Support for Hawke’s Bay public health workers Friday, 19 August 2016

The Public Health Association, Health Promotion Forum and New Zealand College of Public Health Medicine express their moral support for health protection officers and public health officials in Hawke's Bay during which they say must be a difficult and trying time.

"Whenever there's a disease outbreak or public health disaster of the magnitude of the water problem in Havelock North, you can be sure public health officials are feeling the burden immensely," says Public Health Association Chief Executive Warren Lindberg.

"While politicians and senior officials have a responsibility to identify the cause and prevent it from happening again, we know both Council staff and DHB public health staff are working diligently around the clock to find the cause of the infection, to keep tabs on the spread of illness, and to ensure local communities are informed about what they need do to avoid getting sick."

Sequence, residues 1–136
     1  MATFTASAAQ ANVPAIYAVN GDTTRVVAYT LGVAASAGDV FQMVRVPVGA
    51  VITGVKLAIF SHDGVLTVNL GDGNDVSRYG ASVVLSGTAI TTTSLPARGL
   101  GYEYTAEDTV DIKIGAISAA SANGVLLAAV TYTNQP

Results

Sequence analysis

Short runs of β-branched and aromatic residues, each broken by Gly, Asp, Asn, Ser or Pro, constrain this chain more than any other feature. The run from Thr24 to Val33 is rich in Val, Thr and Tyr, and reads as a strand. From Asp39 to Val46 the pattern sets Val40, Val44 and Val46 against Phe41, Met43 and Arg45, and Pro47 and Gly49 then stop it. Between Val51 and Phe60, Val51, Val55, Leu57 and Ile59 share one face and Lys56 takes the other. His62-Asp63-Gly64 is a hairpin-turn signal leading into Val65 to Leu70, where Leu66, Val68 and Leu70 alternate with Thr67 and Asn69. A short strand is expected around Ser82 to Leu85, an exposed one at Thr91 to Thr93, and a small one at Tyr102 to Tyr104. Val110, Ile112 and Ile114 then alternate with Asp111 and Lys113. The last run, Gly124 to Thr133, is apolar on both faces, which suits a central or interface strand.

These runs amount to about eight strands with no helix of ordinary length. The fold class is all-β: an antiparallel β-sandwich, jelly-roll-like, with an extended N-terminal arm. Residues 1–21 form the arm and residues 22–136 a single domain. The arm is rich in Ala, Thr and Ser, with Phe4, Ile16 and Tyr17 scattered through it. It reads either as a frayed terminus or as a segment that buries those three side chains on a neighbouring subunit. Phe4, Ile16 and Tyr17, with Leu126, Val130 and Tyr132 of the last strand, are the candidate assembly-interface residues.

Health Promotion Forum Chair Ana Apatu, who lives in Hawke's Bay, said often the public were unaware of the vital role population health teams play, but that it was times like these that the work they're paid to do comes to the fore.

"This is not a time to be casting blame around. The health and wellbeing of the population is a crucial goal that sits well above the hurly burly of politics. If things have gone wrong then a top priority needs to be ensuring there are sufficient resources allocated so DHBs and local authorities can work together and have the capacity to ensure something like this never happens again."

New Zealand College of Public Health Medicine General Manager Jane Dancer said this was a time when we need to acknowledge the skill and dedication of the public health teams dealing with the outbreak.

"It is an intense and stressful time as they work to reduce the impact of the campylobacter contamination, and we should be thanking them for the vital work they are doing."